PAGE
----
Yes, Mr. Ling acknowledged, the chats could go off the rails. But he had little fear of lewd, meanspirited or even dangerous correspondence — he believes that people have good intentions, he said. And he believes the Swedish people will make good ambassadors for the country.

“It’s no worse than when we travel abroad and two people meet and talk about Sweden,” he said.

Sweden is no stranger to relying on its people to tell its story. The country has a Twitter account, @Sweden, and it is staffed by a different resident each week, who is given full freedom to write Twitter posts about virtually whatever he or she likes on behalf of the nation of about 9.5 million people.

About 7,500 calls had been placed to the Swedish Number as of Thursday afternoon, with the most coming from Turkey and the United States. Mr. Ling said several of the people he had spoken to from the United States were especially curious to get his take on the presidential race (typical Americans, making it all about us). Other Swedes I spoke to were eager to battle stereotypes (no, they aren’t all blond).

Hugo Gefors, a 21-year-old mechanical engineering student in Kalmar, said his call from the Swedish Number had interrupted his studying for a test on Friday, but he had been looking forward to the distraction. After 10 minutes of friendly chatter, including discussion of meatballs — “They are generally not made like the ones you eat at Ikea,” he said — it was time to return to his studies.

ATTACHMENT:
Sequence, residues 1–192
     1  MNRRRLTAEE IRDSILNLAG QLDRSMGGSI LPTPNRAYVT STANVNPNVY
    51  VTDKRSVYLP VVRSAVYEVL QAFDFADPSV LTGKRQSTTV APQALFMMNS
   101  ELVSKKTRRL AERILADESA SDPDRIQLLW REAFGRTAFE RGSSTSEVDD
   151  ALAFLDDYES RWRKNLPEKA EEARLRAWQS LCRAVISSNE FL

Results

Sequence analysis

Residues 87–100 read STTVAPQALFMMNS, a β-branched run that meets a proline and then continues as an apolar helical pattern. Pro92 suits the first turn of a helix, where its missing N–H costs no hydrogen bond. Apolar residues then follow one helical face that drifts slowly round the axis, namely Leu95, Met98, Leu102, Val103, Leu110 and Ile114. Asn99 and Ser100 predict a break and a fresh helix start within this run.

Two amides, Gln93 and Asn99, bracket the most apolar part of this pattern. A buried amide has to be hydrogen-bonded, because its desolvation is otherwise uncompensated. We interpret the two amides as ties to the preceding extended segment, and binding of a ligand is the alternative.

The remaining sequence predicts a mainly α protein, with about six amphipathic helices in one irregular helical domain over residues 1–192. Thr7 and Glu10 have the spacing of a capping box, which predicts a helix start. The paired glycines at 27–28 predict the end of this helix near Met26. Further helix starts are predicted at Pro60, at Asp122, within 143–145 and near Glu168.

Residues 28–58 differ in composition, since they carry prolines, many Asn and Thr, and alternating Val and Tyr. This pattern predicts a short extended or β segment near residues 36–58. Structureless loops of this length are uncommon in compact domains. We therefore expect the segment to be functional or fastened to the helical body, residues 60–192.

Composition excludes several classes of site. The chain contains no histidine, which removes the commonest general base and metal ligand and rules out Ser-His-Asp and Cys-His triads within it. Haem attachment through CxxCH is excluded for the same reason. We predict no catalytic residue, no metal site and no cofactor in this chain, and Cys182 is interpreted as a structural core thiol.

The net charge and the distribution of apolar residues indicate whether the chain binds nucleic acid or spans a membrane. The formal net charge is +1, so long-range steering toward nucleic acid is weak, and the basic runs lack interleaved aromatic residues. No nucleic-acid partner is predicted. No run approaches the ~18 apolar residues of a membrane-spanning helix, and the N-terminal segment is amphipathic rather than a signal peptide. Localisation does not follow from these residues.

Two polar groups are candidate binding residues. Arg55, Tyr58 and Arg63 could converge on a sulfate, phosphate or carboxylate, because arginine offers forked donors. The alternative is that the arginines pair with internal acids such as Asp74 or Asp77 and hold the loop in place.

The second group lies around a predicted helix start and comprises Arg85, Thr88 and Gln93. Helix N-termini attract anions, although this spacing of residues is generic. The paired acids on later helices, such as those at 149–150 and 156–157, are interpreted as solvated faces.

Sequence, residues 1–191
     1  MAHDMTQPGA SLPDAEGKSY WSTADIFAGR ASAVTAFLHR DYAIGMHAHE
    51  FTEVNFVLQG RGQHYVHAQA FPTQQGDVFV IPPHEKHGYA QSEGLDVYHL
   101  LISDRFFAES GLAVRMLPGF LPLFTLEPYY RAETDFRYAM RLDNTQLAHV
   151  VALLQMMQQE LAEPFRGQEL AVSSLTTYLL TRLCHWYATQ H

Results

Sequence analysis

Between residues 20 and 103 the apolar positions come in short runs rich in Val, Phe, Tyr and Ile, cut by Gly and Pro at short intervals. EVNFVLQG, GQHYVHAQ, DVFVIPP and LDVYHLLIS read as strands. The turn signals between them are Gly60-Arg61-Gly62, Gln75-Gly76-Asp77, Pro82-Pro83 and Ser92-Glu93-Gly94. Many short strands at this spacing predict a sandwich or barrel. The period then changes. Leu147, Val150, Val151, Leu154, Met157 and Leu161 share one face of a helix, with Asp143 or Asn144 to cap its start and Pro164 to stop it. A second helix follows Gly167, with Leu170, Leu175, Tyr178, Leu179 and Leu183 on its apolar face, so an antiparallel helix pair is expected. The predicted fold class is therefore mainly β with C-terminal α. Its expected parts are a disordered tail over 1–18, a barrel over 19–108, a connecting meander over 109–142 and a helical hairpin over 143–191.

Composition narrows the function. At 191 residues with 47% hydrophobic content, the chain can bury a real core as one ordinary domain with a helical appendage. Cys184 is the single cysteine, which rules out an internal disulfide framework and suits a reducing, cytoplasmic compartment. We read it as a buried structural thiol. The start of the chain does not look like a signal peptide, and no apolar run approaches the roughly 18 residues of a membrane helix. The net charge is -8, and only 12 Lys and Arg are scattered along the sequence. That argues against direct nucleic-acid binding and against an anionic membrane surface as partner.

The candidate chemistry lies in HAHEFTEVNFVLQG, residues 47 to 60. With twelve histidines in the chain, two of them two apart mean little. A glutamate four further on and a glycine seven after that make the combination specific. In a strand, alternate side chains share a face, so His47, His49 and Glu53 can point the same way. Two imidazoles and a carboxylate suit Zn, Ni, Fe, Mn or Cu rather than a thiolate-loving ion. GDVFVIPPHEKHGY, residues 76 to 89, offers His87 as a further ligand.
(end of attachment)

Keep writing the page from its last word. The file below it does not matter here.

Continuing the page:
“Thank you for calling Sweden,” he said before hanging up.


Integrating a dissociative world

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Control and false memory

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MemThere has been much debate around therapy and false memory. How can therapists be sure that they not suggest anything that hasn`t happened? Like the recent revelation about the false memories of Thomas Quick, who remembered he murdered 8 people he did not actually kill. A recent documentary about the pscyhiatric ward that installed these memories in him, shows how destructive it can be if therapists lead their clients towards their own understanding of the world (lack of real empathy and mentalization). To not say things that provoke mental events that didn`t occur, can be harder than one thinks. So, what is important to think about to prevent this from happening?